A native of Germany, Rosa Gartner’s background seems almost shrouded in mystery. She was born on October 12, 1896 in Hildmannsfeld Amt. Beuhl, Baden, Germany. Records indicate Regine Gartner as the mother, but do not provide the father’s name. She had seven half-siblings, six sisters and one brother.
She probably came to this country with other young women whom Clementine Zerr or other Sisters would bring back with them on visits to Germany. Rosa became Sister Sophie Gartner and made first vows on July 7, 1914 and perpetual profession on July 4, 1920. She was naturalized in May 1929. She visited her family in 1922 and returned with Sister M. Edwin Haunss and Sister Theodolinda Henssel.
Her teaching ministry began in 1913 and continued in several small towns in southern Illinois and southeast Missouri until 1933 when she led the first five missionaries to China. Sister M. Louise Utar, who went to China in 1935, recounted that Sister Sophie Gartner went to Germany to visit her family before she left for China. The trip to Germany seemed to have solidified Sophie’s relationship with her father and other family members. Her letters to Mother Mary Stella and Mother Vincentia reveal a woman coming into her own strength in China. She writes in an organized, competent, even visionary voice; she had great plans for the China mission.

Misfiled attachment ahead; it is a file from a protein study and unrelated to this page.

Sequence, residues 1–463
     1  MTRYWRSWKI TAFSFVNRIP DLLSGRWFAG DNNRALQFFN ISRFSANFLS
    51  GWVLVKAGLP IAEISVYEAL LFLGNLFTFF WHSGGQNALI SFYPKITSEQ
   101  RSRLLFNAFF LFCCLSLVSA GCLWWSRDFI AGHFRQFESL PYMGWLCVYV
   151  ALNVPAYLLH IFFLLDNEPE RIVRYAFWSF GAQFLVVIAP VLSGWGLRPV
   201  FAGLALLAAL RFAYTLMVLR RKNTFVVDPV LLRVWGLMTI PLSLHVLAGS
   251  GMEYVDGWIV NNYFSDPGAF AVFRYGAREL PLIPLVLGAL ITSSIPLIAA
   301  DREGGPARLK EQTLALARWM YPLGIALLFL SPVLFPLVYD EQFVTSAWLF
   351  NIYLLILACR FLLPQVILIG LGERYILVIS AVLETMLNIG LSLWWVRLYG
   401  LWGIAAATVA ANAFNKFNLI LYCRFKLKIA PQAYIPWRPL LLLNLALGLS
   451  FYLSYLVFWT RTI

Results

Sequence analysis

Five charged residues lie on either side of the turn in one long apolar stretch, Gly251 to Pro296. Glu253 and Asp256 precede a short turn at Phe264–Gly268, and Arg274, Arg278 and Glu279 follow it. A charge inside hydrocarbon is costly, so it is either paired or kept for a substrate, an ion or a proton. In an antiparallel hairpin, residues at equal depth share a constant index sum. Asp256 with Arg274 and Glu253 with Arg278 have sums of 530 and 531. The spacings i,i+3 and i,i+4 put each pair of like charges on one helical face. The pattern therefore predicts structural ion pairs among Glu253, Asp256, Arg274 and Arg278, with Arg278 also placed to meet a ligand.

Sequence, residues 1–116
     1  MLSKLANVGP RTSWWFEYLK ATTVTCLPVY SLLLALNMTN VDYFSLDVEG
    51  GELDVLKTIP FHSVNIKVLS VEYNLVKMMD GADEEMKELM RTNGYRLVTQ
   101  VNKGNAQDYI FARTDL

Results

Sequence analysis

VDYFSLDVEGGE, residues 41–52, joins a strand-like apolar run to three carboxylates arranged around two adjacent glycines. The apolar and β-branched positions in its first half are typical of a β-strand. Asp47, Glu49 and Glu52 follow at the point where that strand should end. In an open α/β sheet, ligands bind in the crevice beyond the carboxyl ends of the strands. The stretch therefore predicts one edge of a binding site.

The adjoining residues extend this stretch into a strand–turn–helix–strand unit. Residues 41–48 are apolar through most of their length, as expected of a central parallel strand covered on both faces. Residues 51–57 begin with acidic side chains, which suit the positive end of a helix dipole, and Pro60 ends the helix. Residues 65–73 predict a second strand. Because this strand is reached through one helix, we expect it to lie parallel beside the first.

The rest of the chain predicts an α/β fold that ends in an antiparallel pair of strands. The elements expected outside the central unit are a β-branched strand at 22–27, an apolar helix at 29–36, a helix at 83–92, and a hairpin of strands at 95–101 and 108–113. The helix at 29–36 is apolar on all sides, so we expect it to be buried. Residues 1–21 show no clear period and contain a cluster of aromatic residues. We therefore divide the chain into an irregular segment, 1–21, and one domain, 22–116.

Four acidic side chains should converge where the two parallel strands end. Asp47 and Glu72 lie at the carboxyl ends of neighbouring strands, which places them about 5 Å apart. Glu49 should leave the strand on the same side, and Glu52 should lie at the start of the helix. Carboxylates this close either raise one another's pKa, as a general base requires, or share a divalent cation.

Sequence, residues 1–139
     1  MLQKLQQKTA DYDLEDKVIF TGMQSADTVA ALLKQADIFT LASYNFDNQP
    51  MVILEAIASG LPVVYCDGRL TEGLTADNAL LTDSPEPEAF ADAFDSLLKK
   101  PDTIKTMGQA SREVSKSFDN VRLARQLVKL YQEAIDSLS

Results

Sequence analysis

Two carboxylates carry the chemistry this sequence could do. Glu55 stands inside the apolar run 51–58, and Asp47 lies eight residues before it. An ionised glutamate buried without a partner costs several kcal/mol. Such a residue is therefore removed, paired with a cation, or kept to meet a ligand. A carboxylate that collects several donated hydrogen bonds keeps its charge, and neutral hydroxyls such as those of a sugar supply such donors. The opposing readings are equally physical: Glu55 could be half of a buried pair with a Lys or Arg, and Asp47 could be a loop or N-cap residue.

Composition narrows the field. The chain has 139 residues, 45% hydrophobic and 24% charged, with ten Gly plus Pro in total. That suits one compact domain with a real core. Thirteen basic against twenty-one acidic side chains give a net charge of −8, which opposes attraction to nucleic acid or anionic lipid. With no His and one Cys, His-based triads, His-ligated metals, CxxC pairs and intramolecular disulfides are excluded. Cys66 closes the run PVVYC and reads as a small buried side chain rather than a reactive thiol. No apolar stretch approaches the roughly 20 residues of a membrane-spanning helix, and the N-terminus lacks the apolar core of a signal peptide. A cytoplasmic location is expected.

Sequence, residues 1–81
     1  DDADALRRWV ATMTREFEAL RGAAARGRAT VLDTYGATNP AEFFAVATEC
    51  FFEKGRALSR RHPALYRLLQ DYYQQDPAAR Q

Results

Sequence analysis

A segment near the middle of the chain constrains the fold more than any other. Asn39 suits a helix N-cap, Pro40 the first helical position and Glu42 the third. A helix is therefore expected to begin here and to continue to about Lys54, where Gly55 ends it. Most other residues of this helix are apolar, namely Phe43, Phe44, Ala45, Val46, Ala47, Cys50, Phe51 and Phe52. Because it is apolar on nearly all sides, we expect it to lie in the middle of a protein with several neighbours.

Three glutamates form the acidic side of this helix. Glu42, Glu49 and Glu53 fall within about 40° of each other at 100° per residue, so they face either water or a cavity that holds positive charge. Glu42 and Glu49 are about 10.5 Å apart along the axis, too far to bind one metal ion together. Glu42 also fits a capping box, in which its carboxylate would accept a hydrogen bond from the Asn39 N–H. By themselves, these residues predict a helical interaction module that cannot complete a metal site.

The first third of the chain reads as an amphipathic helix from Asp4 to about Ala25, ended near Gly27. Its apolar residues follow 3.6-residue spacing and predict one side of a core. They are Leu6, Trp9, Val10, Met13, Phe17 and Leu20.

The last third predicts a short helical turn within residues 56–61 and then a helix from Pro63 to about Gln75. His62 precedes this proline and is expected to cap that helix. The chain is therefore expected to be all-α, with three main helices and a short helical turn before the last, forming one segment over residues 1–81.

The Sisters quickly learned the value of working with other communities, especially the Franciscan friars from Chicago, Illinois and the Sisters of St. Francis from Milwaukee, Wisconsin, Springfield, Illinois, and Dubuque, Iowa. Sister Sophie Gartner returned to the United States on November 4, 1937 and made the voyage back to China in August, 1938. She traveled to schools to tell the Adorers’ China story to students and also helped Mother M. Stella understand conditions in China, with both the missionaries and United States leadership becoming more comfortable with decisions being made on the local level. The superior in China could move Sisters from one mission to another and report to the Provincial either before or after the necessary moves. World War II ended the China mission; the Sisters were in internment camps from 1943 to 1945 and returned to the United States, arriving in Ruma on November 11, 1945.
The intrepid Sophie resumed her teaching ministry after the memorable years in China; there was, indeed, life after China. Once again, children in small schools in southern Illinois benefited from her talents as teacher, principal, and organist. In 1965, she retired to St. Clement’s Hospital in Red Bud, Illinois and died there on November 26, 1966.
Sister Sophie Gartner had definite ideas about forming young Chinese women for community membership that included keeping them in China. She knew the value of collaboration with other congregations, of leadership on the local level that took initiative, and in trusting her own insights. These ideas that we take for granted today had seeds in China’s soil.